Urban design guidelines have much more to do with rigid enforcement of arbitrary rules by amateurs than they do vision. The North Shore review committee in 2012 is about as relevant to what is happening with Publix as eight track tapes are to listing to music. They impeached themselves with Walgreens while holding forth for hours over the de minimis of the development of several otherwise ordinary buildings.
When River City had the celebration recently recognizing our best and brightest who worked for virtually free for over a year trying to develop RCC’s surplus property, there were virtually no people of color in attendance, there were no poor people. The tens of thousands of our fellow citizens living in poverty in the light-industrial/residential communities between the Ridge and River from the Georgia line to Citico Creek are our greatest urban design challenge. Organizations like Glass House Collective are such a bright light on the horizon.
Who gets to decide what’s ugly?© Given time to attend meetings, may I suggest we sit respectfully in neighborhood groups in Piney Woods and Alton Park, East Lake and Bushtown, Highland Park, South Chattanooga and Amnicola-East Chattanooga. Perhaps we can ask about their vision for their neighborhoods. Perhaps becoming inclusive rather than exclusive should become “The Chattanooga Way.”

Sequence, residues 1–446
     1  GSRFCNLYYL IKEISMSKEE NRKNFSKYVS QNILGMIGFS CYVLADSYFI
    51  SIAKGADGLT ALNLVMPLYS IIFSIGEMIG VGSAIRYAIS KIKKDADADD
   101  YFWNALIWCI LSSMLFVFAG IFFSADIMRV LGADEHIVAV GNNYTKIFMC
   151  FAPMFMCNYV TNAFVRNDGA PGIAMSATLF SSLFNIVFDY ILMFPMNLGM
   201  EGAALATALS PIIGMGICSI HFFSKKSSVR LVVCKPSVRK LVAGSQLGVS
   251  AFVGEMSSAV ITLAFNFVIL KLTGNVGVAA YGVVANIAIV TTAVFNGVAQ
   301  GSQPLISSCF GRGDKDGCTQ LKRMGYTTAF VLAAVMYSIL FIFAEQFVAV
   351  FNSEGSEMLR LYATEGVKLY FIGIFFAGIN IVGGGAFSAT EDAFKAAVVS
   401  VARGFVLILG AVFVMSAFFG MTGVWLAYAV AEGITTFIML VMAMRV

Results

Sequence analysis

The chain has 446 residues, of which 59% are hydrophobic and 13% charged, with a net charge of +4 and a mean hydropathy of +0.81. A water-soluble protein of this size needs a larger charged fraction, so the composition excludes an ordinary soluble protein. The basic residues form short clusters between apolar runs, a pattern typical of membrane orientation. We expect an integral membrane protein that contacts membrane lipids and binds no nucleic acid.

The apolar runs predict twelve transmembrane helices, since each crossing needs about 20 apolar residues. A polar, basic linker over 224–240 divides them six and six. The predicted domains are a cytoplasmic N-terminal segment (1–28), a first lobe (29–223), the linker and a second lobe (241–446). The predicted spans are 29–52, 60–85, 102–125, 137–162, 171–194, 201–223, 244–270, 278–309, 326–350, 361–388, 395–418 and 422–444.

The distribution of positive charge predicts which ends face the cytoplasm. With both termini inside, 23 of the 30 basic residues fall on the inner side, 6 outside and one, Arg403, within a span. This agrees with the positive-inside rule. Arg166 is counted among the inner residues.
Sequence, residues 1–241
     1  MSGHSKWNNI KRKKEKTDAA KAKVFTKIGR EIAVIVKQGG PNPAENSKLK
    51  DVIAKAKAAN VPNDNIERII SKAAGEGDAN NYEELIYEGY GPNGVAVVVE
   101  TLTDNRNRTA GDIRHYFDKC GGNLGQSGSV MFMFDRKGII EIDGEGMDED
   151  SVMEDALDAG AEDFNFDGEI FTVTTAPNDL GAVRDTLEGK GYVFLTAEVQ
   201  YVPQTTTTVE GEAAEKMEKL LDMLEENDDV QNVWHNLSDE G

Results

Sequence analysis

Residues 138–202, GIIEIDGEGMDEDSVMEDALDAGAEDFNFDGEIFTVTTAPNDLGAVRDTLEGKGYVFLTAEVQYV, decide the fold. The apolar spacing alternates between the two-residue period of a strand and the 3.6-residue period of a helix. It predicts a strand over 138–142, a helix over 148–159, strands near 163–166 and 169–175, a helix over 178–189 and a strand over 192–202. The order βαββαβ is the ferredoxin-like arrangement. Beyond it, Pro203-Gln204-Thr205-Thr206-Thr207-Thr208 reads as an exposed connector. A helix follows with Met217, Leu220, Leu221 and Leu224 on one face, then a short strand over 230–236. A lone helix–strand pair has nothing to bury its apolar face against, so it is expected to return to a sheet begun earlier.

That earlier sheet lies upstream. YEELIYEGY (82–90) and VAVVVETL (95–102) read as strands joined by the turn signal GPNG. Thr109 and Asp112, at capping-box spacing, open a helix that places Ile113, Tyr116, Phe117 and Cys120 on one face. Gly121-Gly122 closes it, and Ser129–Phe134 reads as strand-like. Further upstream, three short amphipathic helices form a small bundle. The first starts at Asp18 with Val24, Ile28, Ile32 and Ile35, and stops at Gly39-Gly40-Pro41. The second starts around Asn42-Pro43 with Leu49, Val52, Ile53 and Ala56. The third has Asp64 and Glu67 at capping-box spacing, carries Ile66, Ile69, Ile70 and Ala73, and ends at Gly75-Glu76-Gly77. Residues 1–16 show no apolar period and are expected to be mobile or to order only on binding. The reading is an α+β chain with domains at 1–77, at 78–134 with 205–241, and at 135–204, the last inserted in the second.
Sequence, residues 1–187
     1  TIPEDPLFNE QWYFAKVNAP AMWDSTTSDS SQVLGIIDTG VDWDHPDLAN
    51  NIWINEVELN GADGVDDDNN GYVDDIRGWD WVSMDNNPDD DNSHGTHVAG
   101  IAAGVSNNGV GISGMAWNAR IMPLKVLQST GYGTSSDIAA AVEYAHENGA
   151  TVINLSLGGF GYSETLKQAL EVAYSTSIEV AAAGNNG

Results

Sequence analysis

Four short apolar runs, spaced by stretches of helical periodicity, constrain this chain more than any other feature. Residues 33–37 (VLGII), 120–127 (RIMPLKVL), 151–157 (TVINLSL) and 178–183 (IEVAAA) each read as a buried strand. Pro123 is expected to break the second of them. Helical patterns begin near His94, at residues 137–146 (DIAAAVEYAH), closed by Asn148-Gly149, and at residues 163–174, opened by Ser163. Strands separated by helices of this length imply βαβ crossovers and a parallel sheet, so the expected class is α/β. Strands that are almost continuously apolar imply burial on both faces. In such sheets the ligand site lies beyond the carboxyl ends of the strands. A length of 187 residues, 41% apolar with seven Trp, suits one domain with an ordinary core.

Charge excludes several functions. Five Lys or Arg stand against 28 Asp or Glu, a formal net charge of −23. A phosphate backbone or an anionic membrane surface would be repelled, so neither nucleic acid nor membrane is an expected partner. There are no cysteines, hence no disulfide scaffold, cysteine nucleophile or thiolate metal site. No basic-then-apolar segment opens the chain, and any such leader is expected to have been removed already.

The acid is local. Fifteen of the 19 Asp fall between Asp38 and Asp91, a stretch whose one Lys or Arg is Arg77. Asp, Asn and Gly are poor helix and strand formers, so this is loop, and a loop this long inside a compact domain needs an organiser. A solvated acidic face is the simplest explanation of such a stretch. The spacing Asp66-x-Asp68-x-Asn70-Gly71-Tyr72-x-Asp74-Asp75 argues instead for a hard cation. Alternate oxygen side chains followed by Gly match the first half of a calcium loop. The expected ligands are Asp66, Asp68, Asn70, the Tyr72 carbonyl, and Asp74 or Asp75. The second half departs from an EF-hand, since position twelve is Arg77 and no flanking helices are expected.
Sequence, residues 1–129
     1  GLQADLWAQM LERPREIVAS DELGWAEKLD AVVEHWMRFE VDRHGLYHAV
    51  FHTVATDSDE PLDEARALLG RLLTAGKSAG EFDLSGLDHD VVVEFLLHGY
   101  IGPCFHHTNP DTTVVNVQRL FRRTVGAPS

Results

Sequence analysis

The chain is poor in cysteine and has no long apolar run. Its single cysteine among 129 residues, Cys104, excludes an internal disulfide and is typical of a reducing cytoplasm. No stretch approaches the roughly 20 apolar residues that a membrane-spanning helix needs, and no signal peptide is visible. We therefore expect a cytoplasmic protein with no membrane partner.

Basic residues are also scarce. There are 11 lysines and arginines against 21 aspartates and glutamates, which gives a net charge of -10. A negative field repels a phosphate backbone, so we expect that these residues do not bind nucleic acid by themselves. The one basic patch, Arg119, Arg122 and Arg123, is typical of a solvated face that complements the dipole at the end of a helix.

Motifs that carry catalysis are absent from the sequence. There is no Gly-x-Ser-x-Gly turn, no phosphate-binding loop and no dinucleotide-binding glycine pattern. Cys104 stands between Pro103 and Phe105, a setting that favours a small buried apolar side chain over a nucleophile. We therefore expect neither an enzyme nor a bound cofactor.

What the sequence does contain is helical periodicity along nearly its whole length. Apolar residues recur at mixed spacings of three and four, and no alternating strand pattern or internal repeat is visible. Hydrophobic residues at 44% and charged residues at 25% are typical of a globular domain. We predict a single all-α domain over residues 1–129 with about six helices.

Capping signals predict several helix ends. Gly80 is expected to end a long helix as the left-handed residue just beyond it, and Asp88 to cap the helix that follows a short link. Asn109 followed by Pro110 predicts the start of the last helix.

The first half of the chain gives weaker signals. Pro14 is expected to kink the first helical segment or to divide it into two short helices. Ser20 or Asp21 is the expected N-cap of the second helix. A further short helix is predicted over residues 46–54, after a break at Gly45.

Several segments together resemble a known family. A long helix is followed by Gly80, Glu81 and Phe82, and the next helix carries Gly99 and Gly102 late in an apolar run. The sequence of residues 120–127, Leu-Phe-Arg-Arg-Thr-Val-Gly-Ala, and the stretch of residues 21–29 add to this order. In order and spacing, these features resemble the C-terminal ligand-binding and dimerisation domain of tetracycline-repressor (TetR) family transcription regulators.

Andrew Smith, AIA, NCARB
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Lighten up, Francis.
Everybody knows that River City Company’s Urban Design Challenge is nothing more than a leisure activity for out-of-work architects and planners. At least, until something better comes along.
And what makes you think that the good people of Bushtown have more vision than the other amateurs at the North Shore Review Committee? Vision is in the eye of the beholder.
By the way, given the state of architecture in Chattanooga, apparently you architects are the ones who get to decide what’s ugly.
Robert H. Chappell, PE